At Purdue, each faculty member, and in broader terms, each laboratory, focus their efforts on learning, discovery, and engagement. In the past, these were often referred to as teaching, research, and service, respectively. Either way, they represent the positive outcomes of our efforts. In the H.I.R.R.T. laboratory, learning takes the form of courses, textbook development, workshops and seminars.
Dr. Nauman has taught a number of different courses. He specializes in undergraduate mechanics – Basic Mechanics I (Statics and Particle Dynamics) and II (Dynamics), and Honors courses like Engineering Disasters, Multiphysics Modeling, Toy Design, Systems Thinking, the History of Great Ideas, and Toy Design. It should be noted that he also enjoys teaching graduate courses like Human Motion Kinetics (Collisions and Human Injury at Tulane), Biomedical Fluid Dynamics, Continuum Models, Stem Cells for Tissue Engineering, Biophysics, and once – Structure-Function Relationships in Biological Tissues.
Some of our graduate students have participated in a teaching fellowship program, earning valuable experience and high marks for teaching. Beth Galle was the first, teaching Basic Mechanics I and Thermodynamics I. Douglas Cook followed, also teaching Basic Mechanics I. Monica Susilo is the most recent Lambert Fellow, having taught Basic Mechanics II and Mechanics of Materials.
Advice for Prospective Graduate Students (Hopefully relevant no matter where you choose to go to school)
Whenever we visit with prospective graduate students, I want to ask them what their plans are when the graduate. I recognize it’s not really a fair question because my ideas of what I wanted to do changed every year or so while I was in graduate school. Nevertheless it is a good thing to consider – and to consider repeatedly before you choose a school and while you’re there.
The first thing is that most advisors would be very happy to have you take the minimum number of courses, focusing primarily on research and writing papers. The thing that you have to be careful of is that, when you graduate, you will really only know the things that go on in your laboratory. I’ve seen that a lot and it is disheartening to talk to somebody about cartilage biomechanics who doesn’t know anything about bone, ligaments, or some of the advanced topics in continuum mechanics. It necessarily limits what you can do afterwards. You might be okay going to industry, but it will be very difficult to make the transition to a faculty position.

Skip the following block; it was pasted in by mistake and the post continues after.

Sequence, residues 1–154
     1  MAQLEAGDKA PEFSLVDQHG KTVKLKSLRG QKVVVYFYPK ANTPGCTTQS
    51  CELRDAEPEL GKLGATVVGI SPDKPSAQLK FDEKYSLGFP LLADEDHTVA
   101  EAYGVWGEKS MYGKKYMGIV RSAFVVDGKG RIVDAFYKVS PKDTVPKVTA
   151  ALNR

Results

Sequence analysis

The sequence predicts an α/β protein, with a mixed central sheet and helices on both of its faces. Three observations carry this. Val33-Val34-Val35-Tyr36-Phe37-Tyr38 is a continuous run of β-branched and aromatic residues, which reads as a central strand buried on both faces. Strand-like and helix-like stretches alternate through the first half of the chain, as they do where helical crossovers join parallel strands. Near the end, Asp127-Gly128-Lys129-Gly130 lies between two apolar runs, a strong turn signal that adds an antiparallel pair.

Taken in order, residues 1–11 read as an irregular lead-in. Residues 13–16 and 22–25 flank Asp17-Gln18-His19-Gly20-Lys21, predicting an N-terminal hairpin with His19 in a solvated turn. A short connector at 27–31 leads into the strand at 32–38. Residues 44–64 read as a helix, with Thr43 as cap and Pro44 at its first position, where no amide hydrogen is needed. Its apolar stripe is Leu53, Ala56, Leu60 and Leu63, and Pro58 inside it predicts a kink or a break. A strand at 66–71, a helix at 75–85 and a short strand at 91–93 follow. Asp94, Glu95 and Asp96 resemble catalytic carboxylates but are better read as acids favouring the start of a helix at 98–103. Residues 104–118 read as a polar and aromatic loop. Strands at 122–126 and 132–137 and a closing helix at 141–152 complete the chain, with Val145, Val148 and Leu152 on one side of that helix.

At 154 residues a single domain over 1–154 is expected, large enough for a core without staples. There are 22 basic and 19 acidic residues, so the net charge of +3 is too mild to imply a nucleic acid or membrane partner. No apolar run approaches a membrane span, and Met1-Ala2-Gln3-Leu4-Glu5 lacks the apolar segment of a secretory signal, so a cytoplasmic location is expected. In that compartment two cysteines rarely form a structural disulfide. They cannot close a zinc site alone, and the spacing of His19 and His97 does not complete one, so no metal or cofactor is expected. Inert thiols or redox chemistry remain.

Consequently, I push all my Ph.D. students to define a major area. It doesn’t have to be anything official. Some students in my laboratory choose solid mechanics, some choose biophysics or numerical methods. The key is that they take 5-7 classes in an area and get to see the whole field. Then they are experts, not only in their specific research area, but in the broader realm of their field. When I was a student my area was continuum mechanics and I got to study nonlinear elasticity, thermodynamics, plasticity, and mixture theory. This became my primary area of expertise and is why my primary appointment is in Mechanical Engineering here at Purdue.
Then I encourage them to get 2 minors (2-3 classes each). Those minors are going to be the things that help them take their research in a new direction after they graduate. When I was a student, my minors were math and dynamics (although I took some interesting biomechanics courses too). Both have helped tremendously and allowed us to push in new directions, especially with the head injury work and the cancer research.
For Masters students, my advice is the same but you might not get to focus as many classes on your major and you might just choose one minor. Either way, it is a good way to choose courses.